EDUCATION & AWARENESS
“Once upon a time, there was a Grevy’s zebra called Stripe... One day, Stripe was resting on the ground next to the other foals while their mothers grazed nearby. Stripe was dreaming about the rain which his mum had told him about, but which he still hadn’t seen. He imagined the sound and the smell of it and wished he could feel the cool water on his back. He had noticed that the water hole was much smaller than when he was born. Suddenly, Stripe heard a tinkling noise in the distance. He moved his big round ears towards the sound, trying to find out the cause. The sound was beautiful and in his dreamy state he was sure this must be the sound of rain. Slowly, the sound came closer and closer...”
Stripe’s Story was developed as an educational awareness tool used in primary schools. Here are other ways in which the Trust is developing its educational support to schoolchildren and creating awareness among communities.
The Grevy’s Zebra Trust holds community awareness workshops which are designed for knowledge exchange and discussion on Grevy’s zebra conservation. These workshops provide us with an understanding of how much awareness currently exists, general attitudes towards the species and helps guide us on how to work with that community.
Successful educational outreach requires broad connections at many levels and action by children is one of the most effective ways to initiate change in the behaviour of adults. The Grevy’s Zebra Trust awards secondary school bursaries (scholarships) to promising students from communities that host Grevy’s zebra populations. The pastoral communities of northern Kenya are economically marginalized and this type of support to the education of their children is highly valued; it builds the capacity of the future generation and is a major catalyst in changing attitudes towards wildlife.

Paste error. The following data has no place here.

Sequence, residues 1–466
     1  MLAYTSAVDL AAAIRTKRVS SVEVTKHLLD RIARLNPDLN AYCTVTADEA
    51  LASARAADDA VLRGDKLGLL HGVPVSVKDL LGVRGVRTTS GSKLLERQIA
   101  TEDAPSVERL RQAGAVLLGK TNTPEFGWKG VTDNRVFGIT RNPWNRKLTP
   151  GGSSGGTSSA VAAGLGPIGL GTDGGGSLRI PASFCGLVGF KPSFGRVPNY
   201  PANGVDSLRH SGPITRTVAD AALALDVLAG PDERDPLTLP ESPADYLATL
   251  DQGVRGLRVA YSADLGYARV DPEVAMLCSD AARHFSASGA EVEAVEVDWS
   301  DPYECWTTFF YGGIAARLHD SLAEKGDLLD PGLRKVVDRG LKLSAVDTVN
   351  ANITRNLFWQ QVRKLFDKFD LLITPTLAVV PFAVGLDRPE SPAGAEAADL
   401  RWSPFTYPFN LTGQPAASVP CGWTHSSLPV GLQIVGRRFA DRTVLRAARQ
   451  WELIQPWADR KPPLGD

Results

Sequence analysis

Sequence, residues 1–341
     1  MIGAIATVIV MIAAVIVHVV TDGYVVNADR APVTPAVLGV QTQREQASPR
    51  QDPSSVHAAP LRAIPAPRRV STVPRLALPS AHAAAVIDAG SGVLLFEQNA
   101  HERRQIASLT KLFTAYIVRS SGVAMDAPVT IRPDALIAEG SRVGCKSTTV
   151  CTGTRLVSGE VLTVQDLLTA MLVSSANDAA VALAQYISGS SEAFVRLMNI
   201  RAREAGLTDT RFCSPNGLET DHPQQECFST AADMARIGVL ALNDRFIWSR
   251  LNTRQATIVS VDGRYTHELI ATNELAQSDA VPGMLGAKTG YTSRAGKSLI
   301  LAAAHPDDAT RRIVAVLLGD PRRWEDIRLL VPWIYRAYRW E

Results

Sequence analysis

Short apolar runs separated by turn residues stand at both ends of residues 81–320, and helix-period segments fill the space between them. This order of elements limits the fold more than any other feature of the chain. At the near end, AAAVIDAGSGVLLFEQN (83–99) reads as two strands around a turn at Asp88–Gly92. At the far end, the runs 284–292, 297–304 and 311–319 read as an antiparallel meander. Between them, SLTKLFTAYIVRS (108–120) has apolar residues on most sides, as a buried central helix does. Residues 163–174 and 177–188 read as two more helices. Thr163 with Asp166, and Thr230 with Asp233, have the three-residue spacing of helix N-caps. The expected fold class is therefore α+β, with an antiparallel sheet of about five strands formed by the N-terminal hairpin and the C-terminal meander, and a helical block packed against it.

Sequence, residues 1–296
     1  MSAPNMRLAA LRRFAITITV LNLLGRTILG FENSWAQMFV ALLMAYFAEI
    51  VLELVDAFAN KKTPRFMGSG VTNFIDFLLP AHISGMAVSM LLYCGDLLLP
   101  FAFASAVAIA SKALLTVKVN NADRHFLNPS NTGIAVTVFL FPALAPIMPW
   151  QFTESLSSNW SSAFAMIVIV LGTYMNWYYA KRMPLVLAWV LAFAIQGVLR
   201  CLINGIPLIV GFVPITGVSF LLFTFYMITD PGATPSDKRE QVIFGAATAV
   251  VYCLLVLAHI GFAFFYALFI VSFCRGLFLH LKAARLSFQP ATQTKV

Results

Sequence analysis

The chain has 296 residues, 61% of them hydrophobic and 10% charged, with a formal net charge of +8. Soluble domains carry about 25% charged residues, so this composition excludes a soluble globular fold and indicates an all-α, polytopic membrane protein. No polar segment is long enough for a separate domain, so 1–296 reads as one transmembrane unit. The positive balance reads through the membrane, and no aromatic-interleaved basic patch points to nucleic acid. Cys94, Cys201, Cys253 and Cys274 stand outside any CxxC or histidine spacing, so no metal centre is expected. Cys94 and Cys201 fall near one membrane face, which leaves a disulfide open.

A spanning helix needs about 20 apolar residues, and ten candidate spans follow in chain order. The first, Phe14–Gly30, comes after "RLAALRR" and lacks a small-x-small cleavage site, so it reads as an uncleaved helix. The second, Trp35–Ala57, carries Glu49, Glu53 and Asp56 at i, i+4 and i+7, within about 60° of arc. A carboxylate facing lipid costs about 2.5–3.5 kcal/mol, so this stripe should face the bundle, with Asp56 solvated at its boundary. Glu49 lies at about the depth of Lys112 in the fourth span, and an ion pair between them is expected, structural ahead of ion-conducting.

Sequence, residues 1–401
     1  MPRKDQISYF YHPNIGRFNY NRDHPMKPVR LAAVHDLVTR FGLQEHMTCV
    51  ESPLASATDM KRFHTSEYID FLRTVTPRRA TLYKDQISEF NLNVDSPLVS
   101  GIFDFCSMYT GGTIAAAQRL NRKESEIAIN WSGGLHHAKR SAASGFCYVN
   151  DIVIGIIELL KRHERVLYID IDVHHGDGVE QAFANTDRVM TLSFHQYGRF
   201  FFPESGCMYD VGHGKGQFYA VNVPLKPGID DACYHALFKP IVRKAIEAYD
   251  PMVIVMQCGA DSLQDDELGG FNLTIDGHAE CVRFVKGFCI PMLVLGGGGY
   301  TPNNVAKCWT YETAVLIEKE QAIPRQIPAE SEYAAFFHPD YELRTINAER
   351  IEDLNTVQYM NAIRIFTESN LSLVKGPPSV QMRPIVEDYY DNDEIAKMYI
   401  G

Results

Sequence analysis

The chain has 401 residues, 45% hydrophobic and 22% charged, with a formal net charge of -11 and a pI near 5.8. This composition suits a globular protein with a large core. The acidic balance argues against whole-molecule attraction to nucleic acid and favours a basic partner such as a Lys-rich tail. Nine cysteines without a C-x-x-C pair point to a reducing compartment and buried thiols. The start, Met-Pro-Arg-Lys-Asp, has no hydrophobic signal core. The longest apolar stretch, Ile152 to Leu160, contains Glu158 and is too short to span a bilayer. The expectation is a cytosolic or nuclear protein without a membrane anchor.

One example of this is Michael Edan who is from Nachola, one of our Turkana community partners on the Ambassador Programme. Since we started working with them, Michael’s community has stopped poaching Grevy’s zebra and other wildlife and is actively promoting the protection of the very species they used to hunt. Michael is first in his class at school. As Michael says, the community is now "drinking the milk of the Grevy's zebra rather than eating its meat".
The Grevy’s Zebra Trust is pleased to support the printing of mock exams for children in Standard 8 primary schools. Every year, the schools receive the exams, enabling the students to have a practice run before the real thing and allowing teachers to identify areas which need most attention.
The Grevy’s Zebra Scouts and Ambassadors have been equipped with glove puppets made by Kenana Knitters so that they can liven up their outreach work to fellow community members! Key conservation messages focused on addressing direct threats to Grevy's zebra survival are passed through these local shows.